Wednesday, 29 April 2015

Michael Bakker: A Tale of Two Cities: the Tripartite Soul in Plato and St Maximos

St Maximos the Confessor was asked by Thalasssios how to interpret κατὰ θεωρίαν the Old Testament narrative about king Hezekiah blocking off the waters from the springs outside Jerusalem (2 Par = 2 Chr 32: 2–4). In his exegesis in Q.Thal 49, Maximos draws a picture of Jerusalem as the soul, king Hezekiah as its (spiritual) intellect (νοῦς) and his three chief court officicals as the thinking power (λογιστικόν), desiring power (ἐπιθυμητικόν) and incensive power (θυμικόν) of the soul. Also elsewhere, Maximos interprets a threesome often as the these psychic faculties, so they form an important part of his thinking. Without explicitly mentioning Plato, Maximos conjures up the image of the tripartite soul as three classes of inhabitants (Republic, iv: 434D–441C). What are the differences between both cities? What does Jerusalem have to do with Athens?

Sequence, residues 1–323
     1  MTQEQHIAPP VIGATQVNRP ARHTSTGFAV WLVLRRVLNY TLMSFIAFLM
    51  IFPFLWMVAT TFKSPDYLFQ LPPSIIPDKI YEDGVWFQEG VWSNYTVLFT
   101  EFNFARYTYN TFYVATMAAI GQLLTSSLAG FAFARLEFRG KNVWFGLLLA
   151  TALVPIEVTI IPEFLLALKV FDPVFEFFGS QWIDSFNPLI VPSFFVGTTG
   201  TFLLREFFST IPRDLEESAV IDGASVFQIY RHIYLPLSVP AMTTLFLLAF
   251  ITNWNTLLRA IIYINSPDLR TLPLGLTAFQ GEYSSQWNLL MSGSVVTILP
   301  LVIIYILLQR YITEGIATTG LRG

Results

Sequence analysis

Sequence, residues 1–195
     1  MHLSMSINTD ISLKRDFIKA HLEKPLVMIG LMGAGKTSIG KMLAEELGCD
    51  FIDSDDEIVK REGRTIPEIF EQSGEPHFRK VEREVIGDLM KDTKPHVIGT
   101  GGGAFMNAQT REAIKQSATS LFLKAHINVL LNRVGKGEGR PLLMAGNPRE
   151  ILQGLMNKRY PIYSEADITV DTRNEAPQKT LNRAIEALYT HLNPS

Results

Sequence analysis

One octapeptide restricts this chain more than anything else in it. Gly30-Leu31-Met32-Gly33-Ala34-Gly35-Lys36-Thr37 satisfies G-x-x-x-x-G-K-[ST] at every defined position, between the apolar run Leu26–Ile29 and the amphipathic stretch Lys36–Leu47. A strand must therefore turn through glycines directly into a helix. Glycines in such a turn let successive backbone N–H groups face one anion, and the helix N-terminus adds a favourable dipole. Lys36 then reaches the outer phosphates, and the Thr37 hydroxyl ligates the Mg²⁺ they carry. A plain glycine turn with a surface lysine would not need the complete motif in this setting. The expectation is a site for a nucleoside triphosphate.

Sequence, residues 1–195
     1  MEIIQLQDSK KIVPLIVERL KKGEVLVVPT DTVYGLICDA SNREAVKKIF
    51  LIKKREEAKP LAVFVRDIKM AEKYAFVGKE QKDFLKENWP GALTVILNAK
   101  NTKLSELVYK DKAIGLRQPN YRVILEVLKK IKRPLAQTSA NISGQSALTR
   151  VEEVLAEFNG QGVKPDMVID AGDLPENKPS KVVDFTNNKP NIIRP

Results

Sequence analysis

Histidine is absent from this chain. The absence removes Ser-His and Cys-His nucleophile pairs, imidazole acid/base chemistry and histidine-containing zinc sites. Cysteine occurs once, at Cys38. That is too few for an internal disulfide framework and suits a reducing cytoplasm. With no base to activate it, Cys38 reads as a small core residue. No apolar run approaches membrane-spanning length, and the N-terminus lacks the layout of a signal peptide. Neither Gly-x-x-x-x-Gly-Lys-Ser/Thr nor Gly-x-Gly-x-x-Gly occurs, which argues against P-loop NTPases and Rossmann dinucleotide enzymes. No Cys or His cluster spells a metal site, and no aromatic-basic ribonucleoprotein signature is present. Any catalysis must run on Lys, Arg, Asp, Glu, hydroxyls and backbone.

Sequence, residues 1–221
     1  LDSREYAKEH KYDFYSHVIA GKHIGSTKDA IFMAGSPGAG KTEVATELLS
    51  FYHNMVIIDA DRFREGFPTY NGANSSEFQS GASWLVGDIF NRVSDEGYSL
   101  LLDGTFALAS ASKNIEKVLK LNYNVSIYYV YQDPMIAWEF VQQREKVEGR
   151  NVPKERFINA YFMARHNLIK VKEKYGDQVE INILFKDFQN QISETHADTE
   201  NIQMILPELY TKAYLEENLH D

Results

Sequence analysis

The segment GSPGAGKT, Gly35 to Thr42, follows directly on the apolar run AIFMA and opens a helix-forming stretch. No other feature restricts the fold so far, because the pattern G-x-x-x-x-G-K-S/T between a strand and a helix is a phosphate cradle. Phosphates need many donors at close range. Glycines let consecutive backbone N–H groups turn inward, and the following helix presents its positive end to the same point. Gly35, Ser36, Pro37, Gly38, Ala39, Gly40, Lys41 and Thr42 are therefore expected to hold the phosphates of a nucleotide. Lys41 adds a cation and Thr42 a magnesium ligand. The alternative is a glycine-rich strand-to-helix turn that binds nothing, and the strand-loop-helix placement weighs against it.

Maximos plays an important role in the development of a (Greek) Patristic psychology, drawing on Plato, Aristotle and other philosophers. Throughout his writings, Maximos frequently mentions the three powers of the soul and analyses, amongst others, their relation to virtues and vices and to the intellect (νοῦς). He underlines that the soul can use the powers in a positive or a negative way, depending on its intention (γνώμη), disposition (διάθεσις)  and habits (ἕξεις). And, typically, Maximos stresses that the λογιστικόν, ἐπιθυμητικόν and θυμικόν are by nature good. All depends on how a free person employs his or her will to use them.

No comments:

Post a Comment